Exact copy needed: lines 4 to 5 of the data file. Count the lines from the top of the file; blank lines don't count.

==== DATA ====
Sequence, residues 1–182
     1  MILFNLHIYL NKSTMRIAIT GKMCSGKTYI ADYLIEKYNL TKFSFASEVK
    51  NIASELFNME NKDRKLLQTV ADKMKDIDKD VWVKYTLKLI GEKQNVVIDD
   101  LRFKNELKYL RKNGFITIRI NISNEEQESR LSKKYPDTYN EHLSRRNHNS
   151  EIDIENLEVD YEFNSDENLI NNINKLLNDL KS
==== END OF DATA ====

   101  LRFKNELKYL RKNGFITIRI NISNEEQESR LSKKYPDTYN EHLSRRNHNS
   151  EIDIENLEVD YEFNSDENLI NNINKLLNDL KS